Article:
The GAG unit flown for the Pike River coal mine recovery effort is "no gimmick" and has been used successfully in Queensland mines, the head of an Australian miners' union says.

Officials are trying to make the Pike River mine stable enough for rescuers to recover the bodies of 29 men trapped after an explosion a week ago.

Despite a brief stabilisation in the mine on Tuesday night, the 2.8km network of tunnels has refilled with potentially explosive methane and poisonous carbon monoxide.

The second enormous explosion on Wednesday afternoon briefly burned away some of the hot gases but with no working ventilation in the mine shaft further blasts cannot be ruled out.

The Royal New Zealand Air Force flew the "GAG unit" and 16 crew from the Queensland Mines Rescue Service into Hokitika at 6.30am today and is now at the mine.

The service's NSW state manager, Seamus Devlin, told Radio New Zealand the GAG unit would take three days to set up but could be ready for use on Monday.

Forestry, Mining and Energy union spokesman Steve Smythe told the broadcaster the engine had been used successfully in Queensland mines.

The "GAG unit" will stabilise Pike River mine by sucking all the oxygen out of the atmosphere, he said.

"This is not a gimmick. People are going to be a bit sceptical on the back of the robots and everything. But I believe they will be able to stabilise that mine."

When fully assembled, the unit would be 12m long and 2.5 tonnes, Mr Smythe said.

He expected there to be some "teething problems" before the unit started stabilising the mine and said there was no way of telling how long the process would take.

Recovery teams would need to do a full risk assessment before deciding where to place the machine, Mr Smythe said.

"It's not as straightforward as putting it at the entrance to the mine."

Queensland Mines Rescue Service manager Wayne Hartley earlier explained how the unit worked to Radio New Zealand.

"It's used for controlling underground coalmine fires particularly by inerting the atmosphere and displacing explosive gases or methane gases, extinguishing any fires and suppressing any sparking or sources of ignition," he said.

The Gorniczy Agregat Gasniczy engine pumps gas with very low concentrations of oxygen that will not sustain a fire in the mine. Steam is also pumped in. Over time this starves the fire of the oxygen and smothers it.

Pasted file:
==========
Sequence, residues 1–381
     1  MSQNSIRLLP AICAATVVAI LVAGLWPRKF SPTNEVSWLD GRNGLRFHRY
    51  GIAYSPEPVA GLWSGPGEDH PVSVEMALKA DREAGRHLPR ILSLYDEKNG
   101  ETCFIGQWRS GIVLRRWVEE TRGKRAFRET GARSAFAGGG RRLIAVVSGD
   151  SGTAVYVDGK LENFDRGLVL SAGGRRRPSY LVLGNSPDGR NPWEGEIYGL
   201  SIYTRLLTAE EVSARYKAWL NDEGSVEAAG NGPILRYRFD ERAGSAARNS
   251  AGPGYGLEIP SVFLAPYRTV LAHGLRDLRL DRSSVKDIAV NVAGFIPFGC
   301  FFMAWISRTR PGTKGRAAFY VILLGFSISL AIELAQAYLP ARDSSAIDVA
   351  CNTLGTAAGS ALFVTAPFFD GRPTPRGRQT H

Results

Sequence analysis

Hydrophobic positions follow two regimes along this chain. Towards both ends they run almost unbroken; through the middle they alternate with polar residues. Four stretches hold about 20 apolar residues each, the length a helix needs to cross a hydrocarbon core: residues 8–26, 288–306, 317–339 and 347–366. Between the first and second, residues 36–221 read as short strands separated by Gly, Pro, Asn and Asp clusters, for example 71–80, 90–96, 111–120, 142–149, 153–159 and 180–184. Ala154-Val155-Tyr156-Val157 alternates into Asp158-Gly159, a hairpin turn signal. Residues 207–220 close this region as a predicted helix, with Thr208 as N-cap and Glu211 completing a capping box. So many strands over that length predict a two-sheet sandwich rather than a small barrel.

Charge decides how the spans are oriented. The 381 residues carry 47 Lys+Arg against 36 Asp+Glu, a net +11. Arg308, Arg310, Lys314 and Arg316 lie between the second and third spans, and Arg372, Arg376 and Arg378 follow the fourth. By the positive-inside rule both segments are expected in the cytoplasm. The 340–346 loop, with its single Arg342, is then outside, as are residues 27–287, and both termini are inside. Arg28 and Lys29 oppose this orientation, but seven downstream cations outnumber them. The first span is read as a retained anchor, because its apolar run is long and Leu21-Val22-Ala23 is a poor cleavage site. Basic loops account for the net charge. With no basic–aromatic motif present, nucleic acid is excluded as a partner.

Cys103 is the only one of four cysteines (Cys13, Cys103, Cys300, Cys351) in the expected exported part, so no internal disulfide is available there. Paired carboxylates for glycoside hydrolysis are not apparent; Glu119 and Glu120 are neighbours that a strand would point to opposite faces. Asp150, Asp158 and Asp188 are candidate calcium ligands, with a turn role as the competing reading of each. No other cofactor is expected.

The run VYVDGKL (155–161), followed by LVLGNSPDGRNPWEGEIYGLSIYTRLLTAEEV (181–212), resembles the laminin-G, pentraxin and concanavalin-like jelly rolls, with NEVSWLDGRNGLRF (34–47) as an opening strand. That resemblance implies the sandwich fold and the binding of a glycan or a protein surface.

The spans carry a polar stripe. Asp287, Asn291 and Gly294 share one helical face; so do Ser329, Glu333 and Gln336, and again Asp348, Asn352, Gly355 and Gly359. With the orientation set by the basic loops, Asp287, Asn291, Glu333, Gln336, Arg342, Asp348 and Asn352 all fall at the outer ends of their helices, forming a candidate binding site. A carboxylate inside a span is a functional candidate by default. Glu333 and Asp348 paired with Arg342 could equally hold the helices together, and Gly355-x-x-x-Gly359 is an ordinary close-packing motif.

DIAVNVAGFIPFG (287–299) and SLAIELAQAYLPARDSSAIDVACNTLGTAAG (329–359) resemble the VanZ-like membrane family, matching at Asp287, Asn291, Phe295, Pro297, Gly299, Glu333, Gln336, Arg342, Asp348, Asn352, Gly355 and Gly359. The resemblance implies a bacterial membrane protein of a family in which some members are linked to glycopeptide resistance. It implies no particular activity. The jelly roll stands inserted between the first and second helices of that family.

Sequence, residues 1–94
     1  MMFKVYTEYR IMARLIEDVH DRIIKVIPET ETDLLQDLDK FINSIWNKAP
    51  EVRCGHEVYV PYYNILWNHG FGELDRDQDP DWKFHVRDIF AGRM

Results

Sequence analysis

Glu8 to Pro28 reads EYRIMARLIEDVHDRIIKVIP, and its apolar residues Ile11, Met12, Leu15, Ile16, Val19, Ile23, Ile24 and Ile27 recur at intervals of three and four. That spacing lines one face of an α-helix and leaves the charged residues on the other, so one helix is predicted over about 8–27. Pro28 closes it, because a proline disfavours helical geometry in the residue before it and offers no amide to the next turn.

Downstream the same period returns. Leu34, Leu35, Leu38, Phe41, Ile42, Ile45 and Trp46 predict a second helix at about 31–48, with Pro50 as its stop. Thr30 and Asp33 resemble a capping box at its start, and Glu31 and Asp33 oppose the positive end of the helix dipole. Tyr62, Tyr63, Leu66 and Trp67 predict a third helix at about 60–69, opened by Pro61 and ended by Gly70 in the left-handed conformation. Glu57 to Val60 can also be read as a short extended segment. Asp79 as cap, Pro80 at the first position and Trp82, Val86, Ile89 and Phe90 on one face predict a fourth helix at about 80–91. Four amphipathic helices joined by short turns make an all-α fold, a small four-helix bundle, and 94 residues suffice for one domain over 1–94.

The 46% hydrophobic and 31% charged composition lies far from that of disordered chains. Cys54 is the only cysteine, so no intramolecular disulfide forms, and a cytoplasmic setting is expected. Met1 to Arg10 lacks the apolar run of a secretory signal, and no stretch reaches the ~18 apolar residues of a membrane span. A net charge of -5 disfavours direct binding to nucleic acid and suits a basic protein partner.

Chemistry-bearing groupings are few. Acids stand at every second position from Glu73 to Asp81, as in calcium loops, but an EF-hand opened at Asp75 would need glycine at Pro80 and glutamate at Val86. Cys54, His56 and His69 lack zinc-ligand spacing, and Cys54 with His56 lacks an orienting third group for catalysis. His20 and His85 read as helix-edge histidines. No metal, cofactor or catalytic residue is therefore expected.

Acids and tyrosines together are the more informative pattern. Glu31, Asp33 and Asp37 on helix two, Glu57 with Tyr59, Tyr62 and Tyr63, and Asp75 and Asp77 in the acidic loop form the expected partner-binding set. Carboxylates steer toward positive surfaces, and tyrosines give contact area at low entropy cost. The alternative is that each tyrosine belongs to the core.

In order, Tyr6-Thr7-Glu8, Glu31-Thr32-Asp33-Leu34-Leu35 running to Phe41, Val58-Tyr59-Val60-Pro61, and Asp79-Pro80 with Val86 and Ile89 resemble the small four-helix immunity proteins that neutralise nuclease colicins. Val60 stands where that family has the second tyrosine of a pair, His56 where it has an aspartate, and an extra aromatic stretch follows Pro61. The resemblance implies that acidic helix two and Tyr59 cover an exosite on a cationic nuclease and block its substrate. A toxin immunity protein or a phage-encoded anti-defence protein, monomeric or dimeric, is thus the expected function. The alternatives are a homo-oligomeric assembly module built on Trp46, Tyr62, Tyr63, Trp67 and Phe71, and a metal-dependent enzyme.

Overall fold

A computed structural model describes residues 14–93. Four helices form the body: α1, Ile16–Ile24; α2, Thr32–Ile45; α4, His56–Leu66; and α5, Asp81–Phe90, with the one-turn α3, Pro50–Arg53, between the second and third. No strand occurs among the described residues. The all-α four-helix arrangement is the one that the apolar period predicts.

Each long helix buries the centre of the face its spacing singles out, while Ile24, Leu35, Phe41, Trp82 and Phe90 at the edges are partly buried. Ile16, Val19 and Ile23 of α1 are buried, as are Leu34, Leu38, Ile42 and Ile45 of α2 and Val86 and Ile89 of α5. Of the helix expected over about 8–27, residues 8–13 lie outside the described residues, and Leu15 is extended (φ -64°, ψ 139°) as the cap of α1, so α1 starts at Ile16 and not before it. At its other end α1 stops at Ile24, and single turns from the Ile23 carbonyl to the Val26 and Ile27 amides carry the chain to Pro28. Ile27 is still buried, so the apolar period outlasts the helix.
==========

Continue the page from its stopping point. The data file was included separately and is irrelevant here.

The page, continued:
In 2003 a similar engine was used at the Loveridge Mine in West Virginia to put out a fire that had been burning 200m underground for two months. It took 10 days of continuous use but was months quicker than letting the fire burn itself out.

Coal fire risk

Pike River CEO Peter Whittall yesterday said that the Pike River mine was still an unstable environment and action needed to be taken swiftly to ensure a coal mine did not break out.

Tests taken through a borehole into the mine's main tunnel indicated that gas fires were burning inside. If the flames spread to the coal seam, emergency services could face a month-long battle with fire before a recovery mission could take place, he said.

Engineering and mining geologist David Bell said the worst coal fires could burn for decades. The Strongman 2 mine, also on the West Coast, burned for eight years before Solid Energy could extinguish it.

Starving the tunnel of oxygen would not quench a coal fire, because it could exist as heat for a long period before re-igniting again.

Even if a coal fire does not occur, officials have said the wait for recovery is likely to be several weeks.

Starving the tunnel of oxygen would not quench a coal fire because it could exist as heat for a long period before re-igniting.

An "engine" could force gases such as nitrogen or carbon dioxide into the mine to stabilise the atmosphere. Over time this starves the fire of oxygen and eventually smothers it.

Difficult at Pike River because the tunnel slopes uphill from the entrance. There is a possibility that water could be poured through the newly drilled borehole. However, this tactic makes the recovery of bodies difficult.